• The upcoming proposal to set up a European Labour Authority, to ensure that EU rules on labour mobility are enforced in a fair, simple and effective way.

Digital Economy – 1st March 2018

The European Parliament, the Council and the Commission reached a trilogue political agreement on several crucial parts regarding the new telecom rules and radio spectrum policy. The agreement was reached on a number of key measures envisioned in the European Electronic Communications Code, including the availability of radio spectrum for 5G by 2020 in the EU, 20 years investment predictability for spectrum licences, and enhanced coordination and peer review of planned radio spectrum assignment procedures.

The agreement will prepare the ground for 5G network deployment across the EU, taking into account the previous agreements on the setting of radio spectrum fees, on eliminating cross-border interference and on deploying the small cells more easily. The negotiations on other parts of the European Electronic Communications Code are ongoing. The goal of the co-legislators is to find an agreement as soon as possible under the Bulgarian Presidency.

United Kingdom – 7 February 2018

The European Commission has published a draft text of the transitional arrangements to be included in the Article 50 Withdrawal Agreement, following the United Kingdom’s request to remain in the Single Market and the Customs Union for a short time-limited period after its withdrawal from the European Union on 30 March 2019.

It translates into legal terms the principles set out in the European Council guidelines of 29 April 2017 and 15 December 2017, as well as the negotiating directives adopted on 29 January 2018. As the UK will remain part of the Single Market and the Customs Union (with all four freedoms) until 31 December 2020, the UK will remain bound by EU law and the jurisdiction of the European Court of Justice. Union acquis will continue to apply in full to and in the UK during this period. Any changes made to the acquis during this time should automatically apply. As the UK will be a third country as of 30 March 2019, it will no longer be represented in Union institutions, agencies, bodies and offices.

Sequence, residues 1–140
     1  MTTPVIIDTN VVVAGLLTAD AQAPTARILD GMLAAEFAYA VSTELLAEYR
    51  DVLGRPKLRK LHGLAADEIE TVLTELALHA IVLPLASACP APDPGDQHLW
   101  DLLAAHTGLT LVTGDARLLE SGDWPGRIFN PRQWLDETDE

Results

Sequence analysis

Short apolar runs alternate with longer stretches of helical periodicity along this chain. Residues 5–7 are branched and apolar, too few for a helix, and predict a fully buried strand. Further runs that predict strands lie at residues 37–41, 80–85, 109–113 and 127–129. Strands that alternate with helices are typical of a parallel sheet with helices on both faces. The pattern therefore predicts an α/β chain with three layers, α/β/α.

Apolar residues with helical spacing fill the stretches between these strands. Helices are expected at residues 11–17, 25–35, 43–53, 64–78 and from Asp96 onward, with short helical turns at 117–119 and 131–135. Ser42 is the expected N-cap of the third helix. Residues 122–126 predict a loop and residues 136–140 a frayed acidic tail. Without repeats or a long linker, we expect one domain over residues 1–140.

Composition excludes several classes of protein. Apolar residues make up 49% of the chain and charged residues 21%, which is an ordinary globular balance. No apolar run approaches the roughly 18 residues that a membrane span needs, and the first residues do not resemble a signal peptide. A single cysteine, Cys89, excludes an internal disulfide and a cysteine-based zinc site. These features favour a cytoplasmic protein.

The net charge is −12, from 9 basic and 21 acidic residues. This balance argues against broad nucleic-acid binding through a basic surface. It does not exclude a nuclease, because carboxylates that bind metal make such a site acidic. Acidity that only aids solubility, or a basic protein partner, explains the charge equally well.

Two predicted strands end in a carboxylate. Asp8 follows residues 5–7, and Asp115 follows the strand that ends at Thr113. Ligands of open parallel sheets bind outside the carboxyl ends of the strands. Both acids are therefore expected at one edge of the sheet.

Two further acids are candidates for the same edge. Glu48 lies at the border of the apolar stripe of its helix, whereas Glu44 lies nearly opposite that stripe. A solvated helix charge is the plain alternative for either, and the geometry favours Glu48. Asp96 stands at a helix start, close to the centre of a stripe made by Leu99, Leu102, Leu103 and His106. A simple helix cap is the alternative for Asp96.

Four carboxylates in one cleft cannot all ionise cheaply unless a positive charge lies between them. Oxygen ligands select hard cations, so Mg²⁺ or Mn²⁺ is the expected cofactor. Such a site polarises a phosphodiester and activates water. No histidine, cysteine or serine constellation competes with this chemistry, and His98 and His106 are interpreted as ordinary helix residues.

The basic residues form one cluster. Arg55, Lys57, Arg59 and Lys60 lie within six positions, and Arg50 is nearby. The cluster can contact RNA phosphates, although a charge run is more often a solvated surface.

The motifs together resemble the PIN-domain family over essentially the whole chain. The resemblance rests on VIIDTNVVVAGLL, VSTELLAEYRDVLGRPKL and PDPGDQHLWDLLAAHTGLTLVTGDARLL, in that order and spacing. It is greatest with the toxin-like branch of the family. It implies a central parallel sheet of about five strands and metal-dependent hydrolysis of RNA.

Trade – 23 January 2018

The international trade committee of the European Parliament endorsed the political agreement reached between the Commission, the Council and the European Parliament on 5 December 2017 on the modernisation of the EU’s trade defence instruments.

Amongst the most important changes to the EU’s anti-dumping and anti-subsidy legislation are:

  1. Faster and more efficient investigations: provisional measures will be imposed within 7 to 8 months, in comparison to the current 9 months.